Have you ever had a similar urge? What's your best "take this job and shove it" story? Let us know!
Sunday, August 22, 2010
Separated by just a couple of blocks and a vigilant police force, supporters and opponents of the proposed Park51 development rallied simultaneously on Sunday in hopes of influencing the public debate over the Islamic cultural center and mosque. The rally against the project was the more sophisticated of the two events, boasting a stage and sound system from which Bruce Springsteen and various country hits blared. The other rally, supporting Park51, was organized by a coalition of anti-war and socialist groups, but drew unaffiliated individuals and some Muslims as well. Many of them said the opposition to the mosque was borne of Islamophobia.
Friday, August 20, 2010
Whether they are families of September 11 victims or just normal New Yorkers, a recent poll showed that the city is split over Park 51, the Islamic cultural center and mosque proposed a few blocks from Ground Zero, in lower Manhattan. Two-thirds of New Yorkers are against it, and less than one-third in favor. Mid-term election candidates have made the center an election issue, with politicians defending it as a First Amendment right or demanding that the city prevent the construction by taking over the site via "eminent domain." With all the controversy, emotions are running high.
If you could decide whether or not the center were built at that location, how would you make your decision?
Thursday, August 19, 2010
New York Gov. David Paterson says support is growing for his proposal of a land swap to move a proposed Islamic cultural center and mosque away from its site two blocks from the World Trade Center. Speaking this morning on WOR Radio, the governor encouraged developers to take up his idea.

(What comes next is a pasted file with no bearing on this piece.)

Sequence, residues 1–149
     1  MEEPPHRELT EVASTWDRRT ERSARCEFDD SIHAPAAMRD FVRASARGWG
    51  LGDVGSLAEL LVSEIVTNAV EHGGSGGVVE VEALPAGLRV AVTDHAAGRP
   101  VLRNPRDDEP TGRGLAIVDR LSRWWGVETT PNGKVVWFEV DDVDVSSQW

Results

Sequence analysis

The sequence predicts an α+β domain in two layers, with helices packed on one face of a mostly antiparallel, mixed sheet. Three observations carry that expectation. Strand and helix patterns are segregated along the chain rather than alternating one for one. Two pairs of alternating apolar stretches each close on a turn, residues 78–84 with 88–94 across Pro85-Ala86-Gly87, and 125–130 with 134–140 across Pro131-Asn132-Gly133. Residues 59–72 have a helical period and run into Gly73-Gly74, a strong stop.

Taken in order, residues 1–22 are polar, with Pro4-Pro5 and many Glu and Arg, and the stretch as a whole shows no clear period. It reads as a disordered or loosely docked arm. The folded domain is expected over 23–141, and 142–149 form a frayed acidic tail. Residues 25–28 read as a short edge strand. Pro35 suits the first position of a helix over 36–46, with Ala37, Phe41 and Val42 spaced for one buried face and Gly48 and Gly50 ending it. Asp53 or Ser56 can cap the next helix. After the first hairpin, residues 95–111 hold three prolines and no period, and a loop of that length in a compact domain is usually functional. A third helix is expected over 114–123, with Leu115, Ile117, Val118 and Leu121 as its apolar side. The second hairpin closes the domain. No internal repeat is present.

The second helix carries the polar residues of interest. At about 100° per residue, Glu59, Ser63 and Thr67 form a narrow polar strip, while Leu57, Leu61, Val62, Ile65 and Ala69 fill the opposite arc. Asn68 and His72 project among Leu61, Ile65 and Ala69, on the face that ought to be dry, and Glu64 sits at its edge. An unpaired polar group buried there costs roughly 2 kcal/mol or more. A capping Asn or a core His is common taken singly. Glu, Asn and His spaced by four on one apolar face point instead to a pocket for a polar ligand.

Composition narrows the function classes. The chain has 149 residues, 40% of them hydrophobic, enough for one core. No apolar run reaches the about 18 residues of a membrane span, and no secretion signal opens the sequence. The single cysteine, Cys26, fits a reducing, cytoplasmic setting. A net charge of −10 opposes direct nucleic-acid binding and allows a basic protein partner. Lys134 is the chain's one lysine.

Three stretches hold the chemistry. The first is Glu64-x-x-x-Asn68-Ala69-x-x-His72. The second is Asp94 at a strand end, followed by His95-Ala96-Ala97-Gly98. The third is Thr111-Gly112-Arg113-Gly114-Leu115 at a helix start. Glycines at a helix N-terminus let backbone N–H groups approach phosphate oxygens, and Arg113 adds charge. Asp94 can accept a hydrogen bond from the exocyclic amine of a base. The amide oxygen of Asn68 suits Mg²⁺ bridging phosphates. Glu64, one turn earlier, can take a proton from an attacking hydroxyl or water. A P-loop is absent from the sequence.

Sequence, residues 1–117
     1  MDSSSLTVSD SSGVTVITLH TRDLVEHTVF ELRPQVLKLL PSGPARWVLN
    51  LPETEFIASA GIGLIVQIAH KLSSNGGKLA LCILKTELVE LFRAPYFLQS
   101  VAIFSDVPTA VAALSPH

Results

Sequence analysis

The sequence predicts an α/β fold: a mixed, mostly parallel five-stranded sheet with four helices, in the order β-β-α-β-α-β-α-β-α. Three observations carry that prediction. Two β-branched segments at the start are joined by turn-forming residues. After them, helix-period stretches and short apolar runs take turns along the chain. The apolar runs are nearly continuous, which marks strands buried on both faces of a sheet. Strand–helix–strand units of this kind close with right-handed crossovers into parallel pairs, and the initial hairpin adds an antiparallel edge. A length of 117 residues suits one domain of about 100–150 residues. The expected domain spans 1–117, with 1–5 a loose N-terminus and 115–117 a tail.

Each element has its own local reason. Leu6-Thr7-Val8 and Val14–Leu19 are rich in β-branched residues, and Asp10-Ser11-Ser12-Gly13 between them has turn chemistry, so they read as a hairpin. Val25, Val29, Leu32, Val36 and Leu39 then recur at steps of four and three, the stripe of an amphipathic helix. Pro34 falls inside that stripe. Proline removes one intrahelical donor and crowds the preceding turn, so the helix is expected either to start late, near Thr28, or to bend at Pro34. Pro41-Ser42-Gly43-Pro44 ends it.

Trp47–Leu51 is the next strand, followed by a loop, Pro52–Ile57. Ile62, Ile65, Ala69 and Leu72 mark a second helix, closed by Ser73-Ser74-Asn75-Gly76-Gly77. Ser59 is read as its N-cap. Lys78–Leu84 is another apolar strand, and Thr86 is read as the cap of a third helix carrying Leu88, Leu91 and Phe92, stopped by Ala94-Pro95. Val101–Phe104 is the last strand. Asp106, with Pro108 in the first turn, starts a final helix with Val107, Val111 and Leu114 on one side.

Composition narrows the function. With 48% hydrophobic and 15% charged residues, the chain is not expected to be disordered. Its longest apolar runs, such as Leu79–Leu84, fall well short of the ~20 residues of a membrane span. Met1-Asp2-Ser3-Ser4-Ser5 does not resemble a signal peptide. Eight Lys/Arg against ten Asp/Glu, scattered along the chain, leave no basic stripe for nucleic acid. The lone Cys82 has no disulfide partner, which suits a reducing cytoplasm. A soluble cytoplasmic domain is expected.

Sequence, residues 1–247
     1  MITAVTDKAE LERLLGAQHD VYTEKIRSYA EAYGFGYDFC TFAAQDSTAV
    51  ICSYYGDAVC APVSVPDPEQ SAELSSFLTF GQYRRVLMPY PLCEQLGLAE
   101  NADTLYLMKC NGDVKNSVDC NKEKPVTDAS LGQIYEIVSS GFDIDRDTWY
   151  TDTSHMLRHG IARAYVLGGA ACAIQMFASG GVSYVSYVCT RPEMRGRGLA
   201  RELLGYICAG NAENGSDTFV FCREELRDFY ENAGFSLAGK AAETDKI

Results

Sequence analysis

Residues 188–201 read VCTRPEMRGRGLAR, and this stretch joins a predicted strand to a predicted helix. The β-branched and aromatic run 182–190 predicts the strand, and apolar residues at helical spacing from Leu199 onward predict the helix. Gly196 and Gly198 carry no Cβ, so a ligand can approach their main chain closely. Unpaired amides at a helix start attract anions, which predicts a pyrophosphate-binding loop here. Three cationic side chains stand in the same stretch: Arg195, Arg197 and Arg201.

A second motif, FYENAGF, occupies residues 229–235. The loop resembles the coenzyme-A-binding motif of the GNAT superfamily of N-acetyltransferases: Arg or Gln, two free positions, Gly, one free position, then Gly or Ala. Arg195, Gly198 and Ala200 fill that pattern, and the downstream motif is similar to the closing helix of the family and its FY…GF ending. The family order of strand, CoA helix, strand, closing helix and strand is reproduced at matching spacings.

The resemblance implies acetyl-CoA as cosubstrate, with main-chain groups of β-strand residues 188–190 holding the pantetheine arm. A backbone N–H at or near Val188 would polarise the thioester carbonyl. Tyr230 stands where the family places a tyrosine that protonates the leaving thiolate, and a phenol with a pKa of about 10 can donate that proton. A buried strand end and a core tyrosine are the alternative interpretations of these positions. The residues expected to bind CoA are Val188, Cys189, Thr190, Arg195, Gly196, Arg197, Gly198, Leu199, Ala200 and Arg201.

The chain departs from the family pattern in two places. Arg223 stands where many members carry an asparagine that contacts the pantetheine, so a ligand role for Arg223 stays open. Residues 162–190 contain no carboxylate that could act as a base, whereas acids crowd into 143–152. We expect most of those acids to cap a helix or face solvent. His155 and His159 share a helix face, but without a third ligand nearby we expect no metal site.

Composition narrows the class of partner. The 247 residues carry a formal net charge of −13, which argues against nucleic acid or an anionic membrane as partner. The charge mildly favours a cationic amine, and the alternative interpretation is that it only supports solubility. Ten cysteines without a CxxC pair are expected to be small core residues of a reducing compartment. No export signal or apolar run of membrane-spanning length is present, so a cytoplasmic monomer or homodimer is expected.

Wednesday, August 18, 2010
Bobby Thomson, the baseball legend who hit the winning shot for the New York Giants in the 1951 National League playoff series died on Monday night. He was 86.
From Adam Clayton Powell Jr. to Charles Rangel: The Past and Future of Harlem's Political Leadership
Thursday, July 29, 2010
This afternoon a House ethics panel will lay out the charges against Rep. Charles Rangel (D-N.Y.), who, at 80 years old, is one of the longest-serving members of Congress. Rep. Rangel has represented Harlem since 1970, when he ousted the legendary Adam Clayton Powell, Jr. Both men had long, storied careers representing what may be the country’s most famous African-American neighborhood, home to Malcolm X, Marcus Garvey, Langston Hughes, and many others. But a lot has changed in Harlem since Powell, Jr. was elected in 1945. We look back at the history of Harlem politics and the power of the "Gang of Four."
Thursday, July 22, 2010
Tim Henderson, data analyst for The Journal News, discusses the changing demographics of Rockland County over the last ten years. Then Renold Julien, executive director of the Konbit Neg Lakay, a Haitian-American community center based in Spring Valley, talks about the Haitian community there. Marla Cohen, editor of the Rockland Jewish Reporter, joins with changes she has noticed in the secular Jewish community of Rockland County over the past decade. Later C. Scott Vanderhoef, Rockland County executive, talks about the policy implications of demographic changes in Rockland County.
Thursday, July 22, 2010